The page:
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The new Premier, however, was resolute, and persevered with his arrangements. He found an excellent successor to Lord Eldon, as Chancellor, in Sir John Copley, the Master of the Rolls, who was created Lord Lyndhurst. Mr. Peel, as Home Secretary, was succeeded by Mr. Sturges Bourne, who retired after a few weeks to make way for the Marquis of Lansdowne. He represented a section of the Whigs, prominent among whom were Brougham, Tierney and Burdett, who gave[259] their support to the Ministry. The Duke of Clarence succeeded Lord Melville as First Lord of the Admiralty, and the Marquis of Anglesey the Duke of Wellington as Master-General of the Ordnance. Viscount Palmerston was appointed the Secretary at War, with which office he commenced his long, brilliant, and popular career as a Cabinet Minister. The new Master of the Rolls was Sir John Leech, the Attorney-General Sir James Scarlett, and the Solicitor-General Sir N. Tindal. Mr. Lamb, afterwards Lord Melbourne, succeeded Mr. Goulburn as Chief Secretary of Ireland.[13]From the Painting by J. S. Copley, R.A., at the National Gallery.

It was at this era of religious apathy that John Wesley (b. 1703; d. 1791), and Charles, his brother (b. 1708; d. 1788), and George Whitefield (b. 1714), came forward to preach a revival, and laid the foundation of Methodism. These young men, students at Oxford, all of them originally of clerical families but Whitefield—who was the son of an innkeeper—with Hervey, afterwards the author of the well-known "Meditations amongst the Tombs," and some others of their fellow-collegians, struck by the dearth of religious life of the time, met in their rooms for prayer and spiritual improvement. They were soon assailed with the nicknames of "Sacramentarians," "Bible Moths," and finally, "Methodists," a term current against the Puritans in those days, and suggested by the appellative Methodist?, given to a college of physicians in ancient Rome, in consequence of the strict regimen which they prescribed to their patients.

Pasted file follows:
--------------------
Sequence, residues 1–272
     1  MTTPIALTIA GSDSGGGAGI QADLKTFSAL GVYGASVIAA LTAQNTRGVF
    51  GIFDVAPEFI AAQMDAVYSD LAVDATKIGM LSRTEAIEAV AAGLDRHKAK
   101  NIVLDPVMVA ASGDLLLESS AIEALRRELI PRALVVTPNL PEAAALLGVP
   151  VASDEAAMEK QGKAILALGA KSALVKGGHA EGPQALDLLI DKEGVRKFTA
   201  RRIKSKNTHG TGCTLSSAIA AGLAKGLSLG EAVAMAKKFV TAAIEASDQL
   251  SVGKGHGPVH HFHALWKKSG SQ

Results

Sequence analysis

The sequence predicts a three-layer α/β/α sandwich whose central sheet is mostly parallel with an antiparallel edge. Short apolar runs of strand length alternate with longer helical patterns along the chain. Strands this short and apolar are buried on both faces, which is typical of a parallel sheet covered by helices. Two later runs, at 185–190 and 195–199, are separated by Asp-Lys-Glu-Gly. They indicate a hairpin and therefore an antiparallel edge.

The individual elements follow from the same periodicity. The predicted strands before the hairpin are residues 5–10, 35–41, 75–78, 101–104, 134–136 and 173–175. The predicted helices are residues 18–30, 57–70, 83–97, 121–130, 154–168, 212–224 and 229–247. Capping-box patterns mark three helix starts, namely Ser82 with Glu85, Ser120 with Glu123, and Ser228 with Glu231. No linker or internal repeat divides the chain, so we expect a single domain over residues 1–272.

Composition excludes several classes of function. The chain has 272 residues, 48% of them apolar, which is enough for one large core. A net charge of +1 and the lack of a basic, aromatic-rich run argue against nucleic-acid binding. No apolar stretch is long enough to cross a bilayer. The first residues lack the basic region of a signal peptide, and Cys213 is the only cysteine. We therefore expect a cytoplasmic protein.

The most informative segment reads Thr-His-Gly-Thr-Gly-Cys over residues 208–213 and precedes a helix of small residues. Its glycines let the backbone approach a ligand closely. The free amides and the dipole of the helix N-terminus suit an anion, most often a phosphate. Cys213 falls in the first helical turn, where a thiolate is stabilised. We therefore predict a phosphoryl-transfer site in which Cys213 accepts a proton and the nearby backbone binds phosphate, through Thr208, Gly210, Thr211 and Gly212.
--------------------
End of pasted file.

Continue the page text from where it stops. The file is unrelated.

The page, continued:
Attention was now turned to a matter of the highest importance in a commercial, an intellectual, and a moral point of view. The stamp duty on newspapers had been the subject of keen agitation for some months, and newspaper vendors had incurred repeated penalties for the sale of unstamped newspapers; some of them having been not only fined, but imprisoned. A general impression prevailed that such an impost was impolitic, if not unjust, and that the time had come when the diffusion of knowledge must be freed from the trammels by which it had been so long restrained. A deputation, consisting of Dr. Birkbeck, Mr. Hume, Colonel Thompson, Mr. O'Connell, Mr. Grote, Mr. Roebuck, Mr. Brotherton, Mr. Wallace, and Mr. Buckingham, having, on the 11th of February, waited upon Lord Melbourne, to ask for an entire abolition of the stamp on newspapers, he promised to give his most serious attention to the matter; and he kept his word, for on the 15th of the next month the Chancellor of the Exchequer brought the subject before Parliament, and announced the intentions of Government with regard to it. He stated that it was proposed to revise the whole of the existing law respecting stamp duties, first by consolidating into one statute the 150 Acts of Parliament over which the law was at present distributed; secondly,[402] by the apportionment of the various rates on a new principle—namely, by the simple and uniform rule of making the price of the stamp in every case correspond to the pecuniary value involved in the transaction for which it is required. The effect of this change would be to reduce the stamp duty upon indentures of apprenticeship, bills of lading, and many others of the more common instruments, and to increase it upon mortgages and conveyances of large amounts of property. It was intimated that the proposed Consolidation Act would contain no less than 330 sections. With regard to the stamp on newspapers, then fourpence with discount, it was proposed to reduce it to one penny without discount. This would be a remission of a proportion, varying according to the price of the newspaper, of between two-thirds and three-fourths of the tax. To this remission Parliament assented, and the illicit circulation of unstamped papers was in consequence abandoned. Some of the members very reasonably objected to any stamp whatever on newspapers; but the time was not yet come when Government would venture entirely to remove it, although the advantages which must necessarily arise from such a proceeding could not but have been foreseen. It was considered unfair that the public at large should pay for the carriage of newspapers by post; and it does not seem to have been remembered that, as only a portion of them would be transmitted in this way, an injustice would be committed by demanding payment for all. The difficulty of the case was, however, in due time, easily surmounted; and political knowledge was, by the change even then made, in a great degree exempted from taxation—a good preparation for the time, which was not very far off, when a newspaper of a high order might be obtained, even for the reduced price of the stamp.On the 6th of October Sir John Moore received instructions from Lord Castlereagh that his army was to advance into Spain, and co-operate with the Spanish armies for the expulsion of the French. He was informed that his twenty-five thousand men would receive a reinforcement of ten thousand men under Sir David Baird, who was on his voyage to Corunna. When Sir John prepared to march, the most serious difficulties presented themselves. Even at Lisbon it was found impossible to procure conveyance for the necessary baggage, and therefore the supplies of provisions and stores were cut down extremely—a great mistake. There was one species of baggage—women and children—who, according to the wretched practice of the time, were allowed to accompany the troops, and would not be left behind, though the army was going into immediate active service against the enemy. Sir John directed the commanding officers to order that as many as possible of these should stay behind, especially such women as had very young children, or infants at the breast, as there would not be found sufficient carts for them; and in the mountainous tracks at that season, and the horrible roads, they must suffer the most exhausting fatigues and hardships. But Sir John had not the commanding firmness of Wellesley, and his orders in this respect were, for the most part, neglected. Very proper orders were also issued by Sir John regarding the behaviour of the soldiers towards the natives. They were informed that the Spaniards were a grave and very proud people, readily offended by any disrespect towards their religion or customs; and the soldiers were desired to behave courteously, and to wear the cockade of King Ferdinand VII. as well as their own.